08/27/01

BBC News:
UNH Researchers Demonstrate Techniques for
Treating Contaminated Bedrock Water and Announce Major Grant for MTBE Research

Congressman John E. Sununu on hand for the event

 

When: Thursday, August 30, 9:30 a.m.
  

Where: Town Hall, Durham, and Pease Tradeport Site #32, Portsmouth.
  

What:

1) MTBE Clean-Up Initiative Announced: Town Hall, Durham (9:30-10 am) The University of New Hampshire's Bedrock Bioremediation Center (BBC), together with Congressman John E. Sununu and USEPA and NHDES officials, will announce a major MTBE research initiative. Project participants will be available for media interviews at this time.

2) Demonstration of Bioremediation Techniques: Pease (10:25-11:25 am) The bedrock at Site #32 at Pease Tradeport is contaminated with chlorinated solvents. This portion of the event includes technical presentations on progress to date and lessons learned from the BBC's work at the research site. Photo opportunities at this site will include demonstration of new bioremediation technology--some of it never before used in this country.
  

Background:

*UNH's Bedrock Bioremediation Center (BBC) is the major U.S. center for issues relating to remediation and monitoring of contaminated water in bedrock. The center develops and tests ways to accelerate the naturally occurring (but very slow) process by which bacteria convert organic pollutants into harmless by-products.

*Researchers from the US Geological Service already are working with BBC researchers in cooperation with the US Air Force and the NH Department of Environmental Services. In the coming year, there will be funding to help researchers from universities, governmental agencies, and industry to work at the site.
  

Funding:

Congressman Sununu's initiative in promoting engineered bioremediation as a clean-up technology has been integral to the work of the BBC. Sununu has secured a total of $3 million for the UNH Bedrock Bioremediation Center: $ 800,000 in 1999; $ 800,000 in 2000; and $1,400,000 in 2001.
  

The Problem:

*Most underground pollution is caused by two types of organics-- chlorinated solvents and petroleum products. Pease Site 32 has bedrock contaminated by chlorinated solvents. A second site to be opened this fall has bedrock contaminated by gasoline and the fuel additive MTBE. The first two grants funded research activities at Site #32. The third grant, being announced at the ceremony, will fund work at the new site (petroleum/MTBE contaminants) and continue work at Site #32 (chlorinated contaminants).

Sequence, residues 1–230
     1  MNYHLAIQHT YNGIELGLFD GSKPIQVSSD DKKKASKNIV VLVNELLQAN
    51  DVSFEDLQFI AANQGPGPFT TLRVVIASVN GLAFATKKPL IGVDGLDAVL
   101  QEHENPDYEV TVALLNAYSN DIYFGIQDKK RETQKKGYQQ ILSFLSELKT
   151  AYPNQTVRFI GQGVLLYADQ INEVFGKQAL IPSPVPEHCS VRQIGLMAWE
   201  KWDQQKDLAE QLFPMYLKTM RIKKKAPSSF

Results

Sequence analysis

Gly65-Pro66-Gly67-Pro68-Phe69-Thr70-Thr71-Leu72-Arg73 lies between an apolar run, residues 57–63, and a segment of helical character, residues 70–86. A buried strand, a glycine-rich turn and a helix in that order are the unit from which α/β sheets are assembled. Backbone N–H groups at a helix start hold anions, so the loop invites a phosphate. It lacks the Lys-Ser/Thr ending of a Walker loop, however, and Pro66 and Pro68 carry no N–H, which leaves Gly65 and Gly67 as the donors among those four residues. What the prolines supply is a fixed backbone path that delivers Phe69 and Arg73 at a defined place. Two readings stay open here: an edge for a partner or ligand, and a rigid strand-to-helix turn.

*Hundreds of sites in New Hampshire have groundwater contaminated with petroleum products and MTBE. In fact, the problem is more pervasive than toxic waste sites because service stations and garages are located everywhere, and until recently, monitoring and maintenance of underground petroleum storage tanks was not standard practice.

*Pollution clean-up is so expensive that increased attention needs to be placed on developing and testing better and more cost-effective technologies. But actual use of those technologies has to be based on rigorous scientific evidence to verify that they work.
  

The Process:

*Developing the chlorinated solvent site was a two-year process. It involved drilling test wells with precise understanding of fracture patterns, water flows, and existing pollution. Tests were conducted to determine whether commonly-used collection procedures result in samples that reflect in situ conditions. Using newly developed technologies, including some from around the world, new protocols were developed for the work to ensure reliability and scientific credibility.

*Research activities at the chlorinated solvent site have focused largely on methodologies for characterizing bedrock geology and hydrology and monitoring contamination. Starting this year, the site will be used by UNH and outside researchers to evaluate ways to accelerate naturally occurring Bioremediation processes. Methods and standards for monitoring clean-up will also be developed to help regulators determine if the clean-up is successful. To make this judgment, regulators need to understand what is occurring naturally at a contaminated site and how to compare this to the results of remediation efforts.

For more information, contact Suki Casanave at 603-862-3102.
  

Press Packet:   Powerpoint file from August 30 Meeting (10.2 Mb)
  

Directions to Site:   http://www.unh.edu/civil-engineering/research/erg/bbc/pease_directions.html

Previous Funding History:   http://www.unh.edu/civil-engineering/research/erg/bbc/news

 

 
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